There is a seismic shift in the residential property market, much of which is attributable to the upsurge in demand from the Millennial generation, who for the past five consecutive years have represented the largest share of the home buying market.
Late to home buying compared to previous generations – with many either living at home or renting, although it might seem that homeownership has not been a priority for this generation, it appears likely that this trend has changed due to the current and prevailing low interest rates. Affordability is most probably the game-changer, coupled with the fact that many of them now have children ie families of their own. Until recently, the barrier to entry to the property market has been high for this generation while it was relatively easier for the previous generation.
With wages relatively stagnant over the past 15 years – except in regard to the public sector – the cost of living has skyrocketed. Internationally, during this period, Millennials have faced lower interest rates but higher debt – including student loans and credit card debt. As a result of generally stagnant wages, Millennials have struggled to save up for a deposit – making home ownership more or less out of reach, until around mid-2018 when 100% loans became more readily available.
First-time home buyers – including Millennials – are also taking advantage of the cheaper finance to acquire more expensive properties, with this cohort accounting for almost 50.95% of home loans during the fourth quarter of 2020, according to the bond originator ooba. As we have noted previously, South Africa’s young population, with nearly two-thirds of citizens currently below the average age of a first-time buyer (34 years), provides the market with a solid underpinning.
The lockdown also appears to have prompted some Millennials (from Generation Y – born from 1980 to 1995) to begin putting down roots, starting a family of their own and buying their first home, taking advantage of low interest rates. While this sector was said to remain mobile, maintaining flexibility to travel globally, the confines of lockdown is seeing many with young families taking advantage of the near-historic low interest rates acquiring freehold homes with outdoor space in more affordable, peripheral areas or suburbs – especially as in many instances they can now work from home, instead of needing to be in the hub of central cities. However, they can also still be found renting or buying sectional title apartments in urban growth nodes, particularly in mixed-use developments which offer the convenience of on-site gyms, eateries and retail, as well as shared work space.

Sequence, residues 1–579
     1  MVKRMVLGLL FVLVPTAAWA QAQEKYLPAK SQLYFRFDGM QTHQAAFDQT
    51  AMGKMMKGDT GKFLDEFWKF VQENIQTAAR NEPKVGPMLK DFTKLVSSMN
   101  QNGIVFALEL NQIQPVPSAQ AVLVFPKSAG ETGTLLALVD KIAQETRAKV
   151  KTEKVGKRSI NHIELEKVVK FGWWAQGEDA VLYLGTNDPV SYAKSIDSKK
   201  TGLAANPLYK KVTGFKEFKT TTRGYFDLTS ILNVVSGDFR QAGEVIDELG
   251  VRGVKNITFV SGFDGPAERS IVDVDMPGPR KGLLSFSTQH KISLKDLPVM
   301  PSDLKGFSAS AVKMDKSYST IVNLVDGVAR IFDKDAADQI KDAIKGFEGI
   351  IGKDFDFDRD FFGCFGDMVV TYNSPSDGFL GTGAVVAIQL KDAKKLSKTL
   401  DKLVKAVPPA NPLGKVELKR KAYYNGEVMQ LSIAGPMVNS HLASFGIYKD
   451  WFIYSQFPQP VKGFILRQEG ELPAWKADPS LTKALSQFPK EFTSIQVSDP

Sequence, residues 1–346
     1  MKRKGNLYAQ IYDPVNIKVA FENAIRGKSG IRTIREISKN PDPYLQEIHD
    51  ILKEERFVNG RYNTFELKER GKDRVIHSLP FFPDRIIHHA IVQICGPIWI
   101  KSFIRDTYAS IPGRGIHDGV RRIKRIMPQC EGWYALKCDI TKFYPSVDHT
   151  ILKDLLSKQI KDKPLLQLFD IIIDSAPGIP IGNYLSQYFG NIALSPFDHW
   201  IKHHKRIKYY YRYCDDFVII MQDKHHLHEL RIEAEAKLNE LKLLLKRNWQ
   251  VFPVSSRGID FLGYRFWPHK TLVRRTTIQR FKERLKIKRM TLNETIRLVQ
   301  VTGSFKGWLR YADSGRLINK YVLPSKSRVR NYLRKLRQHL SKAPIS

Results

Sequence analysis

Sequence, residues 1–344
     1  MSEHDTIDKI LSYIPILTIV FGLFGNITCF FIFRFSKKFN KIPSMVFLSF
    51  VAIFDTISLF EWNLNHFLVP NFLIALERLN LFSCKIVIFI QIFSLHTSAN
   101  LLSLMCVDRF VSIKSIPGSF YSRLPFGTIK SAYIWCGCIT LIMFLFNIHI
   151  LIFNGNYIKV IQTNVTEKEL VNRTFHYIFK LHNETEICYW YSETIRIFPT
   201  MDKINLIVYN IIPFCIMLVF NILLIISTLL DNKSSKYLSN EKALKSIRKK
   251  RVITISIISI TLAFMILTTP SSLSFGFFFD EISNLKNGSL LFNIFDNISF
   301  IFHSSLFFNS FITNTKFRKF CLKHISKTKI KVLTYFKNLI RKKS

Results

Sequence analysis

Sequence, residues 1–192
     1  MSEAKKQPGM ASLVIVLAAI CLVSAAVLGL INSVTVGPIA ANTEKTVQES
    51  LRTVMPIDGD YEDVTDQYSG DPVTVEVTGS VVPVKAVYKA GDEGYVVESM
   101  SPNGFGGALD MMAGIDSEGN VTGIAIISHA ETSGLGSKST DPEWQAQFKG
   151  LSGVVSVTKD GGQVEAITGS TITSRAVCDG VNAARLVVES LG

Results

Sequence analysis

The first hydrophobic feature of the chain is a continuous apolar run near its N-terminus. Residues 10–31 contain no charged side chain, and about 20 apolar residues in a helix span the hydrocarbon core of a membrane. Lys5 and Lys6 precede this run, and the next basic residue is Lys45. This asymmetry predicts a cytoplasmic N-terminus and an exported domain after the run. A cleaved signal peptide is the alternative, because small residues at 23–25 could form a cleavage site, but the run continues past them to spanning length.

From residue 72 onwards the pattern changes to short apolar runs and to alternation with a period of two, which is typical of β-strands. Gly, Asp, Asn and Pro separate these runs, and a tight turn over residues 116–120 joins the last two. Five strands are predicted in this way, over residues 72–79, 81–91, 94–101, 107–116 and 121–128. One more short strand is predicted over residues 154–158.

In Umhlanga New Town Centre, a new development called The Onyx offers New-York-style 1 bed apartments from R1,3 million and unique 2 bed loft apartments from R2,5 million. The development targets Millenials and first-time home buyers and is in close proximity to Gateway Theatre of Shopping, two private hospitals, a cluster of restaurants and coffee shops and of course, Umhlanga’s golden beaches.
If there is a renewed wave of conversions of commercial property to well-located residential sectional title units in relatively affordable and accessible price bands, this would provide good investment opportunities, resulting in an influx of homeowners or tenants to business nodes – quite possibly leaning towards Millennials, including younger and less affluent buyers. While many Millennials aspire to living in a central node or live/work/play environment, others are looking further afield to somewhat more spacious freehold properties in secondary towns, or semigrating to coastal and other desirable outlying and affordable areas for a better lifestyle for their families, yet with access to good schooling and all amenities.
We also find that Millennials seek homes which cater for their specific lifestyle needs and values, for example, tranquil spaces for quiet relaxation, exercise, yoga or meditation; larger kitchens and living spaces where the family has room to ‘breathe’ if confined due to lockdown restrictions; open spaces for walking, hiking or mountain biking – such as those found on secure lifestyle estates; and an eco-friendly environment.
With the interest rate expected to remain stable for at least the next year or so, it is likely that we will see this trend continuing as Millennials establish their foothold in the residential property market.